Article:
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Symposium: Secrecy and Publics

Event Type
Trowbridge Initiative in American Cultures and IPRH
Lucy Ellis Lounge in the Foreign Languages Building (707 South Mathews Avenue Urbana, IL)
Oct 14, 2016   9:00 am - 5:00 pm  

9:45 Opening Remarks

10:00 AM - Brian Hochman (English, Georgetown University): "Wiretapping Judith Coplon"

This paper examines the cultural origins of the "national security" justification for federal law enforcement wiretapping, focusing on the controversial case of United States v. Judith Coplon (1949-50). Coplon was the one of the first Soviet spies to be tried during the early years of the Cold War, but her conviction was overturned, in part, when a federal inquiry revealed that the evidence against her stemmed from an illegal FBI wiretapping operation. The paper uses the Coplon case as a way to chart the history of wiretapping and electronic eavesdropping in a period that closely resembles our own.

11:00 AM - Helen Gurman (Interdisciplinary Studies, New York University): "Punishing Leakers: A History of Transformation"

More leakers have been prosecuted in the last eight years than in the entirety of US history. How do we account for this phenomenon? Is it a radical departure from the past? An extension of previous policies? This presentation examines Obama's war on whistleblowers as part of a larger transformation in the state's response to leakers that has taken place over the course of the last century.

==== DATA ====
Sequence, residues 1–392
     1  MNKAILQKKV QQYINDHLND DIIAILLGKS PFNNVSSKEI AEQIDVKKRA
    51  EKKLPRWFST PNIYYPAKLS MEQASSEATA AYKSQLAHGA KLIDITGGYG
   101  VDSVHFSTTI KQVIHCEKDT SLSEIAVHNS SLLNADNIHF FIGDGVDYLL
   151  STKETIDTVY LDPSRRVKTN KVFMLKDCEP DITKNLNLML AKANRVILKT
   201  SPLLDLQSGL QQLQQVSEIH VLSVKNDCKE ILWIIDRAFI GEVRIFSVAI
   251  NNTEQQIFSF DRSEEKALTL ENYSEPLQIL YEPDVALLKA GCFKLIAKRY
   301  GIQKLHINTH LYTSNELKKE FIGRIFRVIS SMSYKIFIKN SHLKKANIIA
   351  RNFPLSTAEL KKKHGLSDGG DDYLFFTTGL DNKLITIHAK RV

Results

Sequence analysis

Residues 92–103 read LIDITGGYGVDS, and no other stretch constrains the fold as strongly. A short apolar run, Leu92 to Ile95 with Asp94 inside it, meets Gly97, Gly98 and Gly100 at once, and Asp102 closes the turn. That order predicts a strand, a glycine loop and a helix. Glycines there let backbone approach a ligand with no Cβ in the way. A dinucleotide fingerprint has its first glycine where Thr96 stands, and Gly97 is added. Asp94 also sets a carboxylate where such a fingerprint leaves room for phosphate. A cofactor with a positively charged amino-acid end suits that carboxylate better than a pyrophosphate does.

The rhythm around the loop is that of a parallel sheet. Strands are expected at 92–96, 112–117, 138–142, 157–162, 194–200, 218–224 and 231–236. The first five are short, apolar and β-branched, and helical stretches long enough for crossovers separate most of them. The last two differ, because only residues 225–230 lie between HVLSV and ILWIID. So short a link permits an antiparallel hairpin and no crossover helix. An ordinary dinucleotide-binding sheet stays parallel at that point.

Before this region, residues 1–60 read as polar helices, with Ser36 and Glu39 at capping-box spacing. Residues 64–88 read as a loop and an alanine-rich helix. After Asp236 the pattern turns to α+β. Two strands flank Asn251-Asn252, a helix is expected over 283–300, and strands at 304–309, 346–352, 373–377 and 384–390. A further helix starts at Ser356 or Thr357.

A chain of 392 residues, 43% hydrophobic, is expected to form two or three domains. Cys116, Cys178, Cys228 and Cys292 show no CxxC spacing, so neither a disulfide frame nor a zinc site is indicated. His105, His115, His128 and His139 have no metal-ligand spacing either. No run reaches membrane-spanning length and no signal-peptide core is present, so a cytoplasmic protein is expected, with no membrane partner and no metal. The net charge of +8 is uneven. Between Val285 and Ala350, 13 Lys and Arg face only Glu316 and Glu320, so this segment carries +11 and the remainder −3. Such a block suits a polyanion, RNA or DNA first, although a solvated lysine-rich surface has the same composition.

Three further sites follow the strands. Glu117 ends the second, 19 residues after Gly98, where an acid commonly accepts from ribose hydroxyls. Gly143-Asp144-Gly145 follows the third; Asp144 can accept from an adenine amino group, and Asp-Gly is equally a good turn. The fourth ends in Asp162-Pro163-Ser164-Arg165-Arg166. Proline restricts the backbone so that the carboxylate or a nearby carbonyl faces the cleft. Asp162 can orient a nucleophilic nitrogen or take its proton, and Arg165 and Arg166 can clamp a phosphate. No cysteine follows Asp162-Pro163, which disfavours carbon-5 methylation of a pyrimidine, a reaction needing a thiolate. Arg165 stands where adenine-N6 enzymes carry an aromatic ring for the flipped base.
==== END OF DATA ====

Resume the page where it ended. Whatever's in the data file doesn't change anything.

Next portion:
1:30 PM - Jack Bratich (Communication Studies, Rutgers University): "Staging Secrecy in Public: Styles of Prestige from Rumsfeld to Snowden"

This presentation begins with an overview of the "Public Secret Sphere," a political realm in which secrecy is made intelligible. After describing its two main dimensions, including their historical formation, I ask what are the conditions of dissent and (distr)action?

2:30 PM - Simone Browne (Sociology, University of Texas): "Surveillance at the Airport, and Other Matters"

In 1998 Cathy Harris worked as a senior customs inspector at Atlanta's Hartsfield International Airport. She later became a whistleblower who detailed the racial profiling to which black travellers were routinely subjected, including illegal pat-downs, strip searches, and unlawful detainment. Black women were especially subject to such acts of "Flying While Black" that Harris exposed. This paper begins with Harris's whistleblowing to examine "security theater" and the "open secret" that is racial profiling at the airport and other public transportation spaces.

3:30 Informal Roundtable


Schedule subject to change, please check back as we draw closer to the event. Presented by the Trowbridge Initiative in American Cultures, with co-sponsorship from IPRH.

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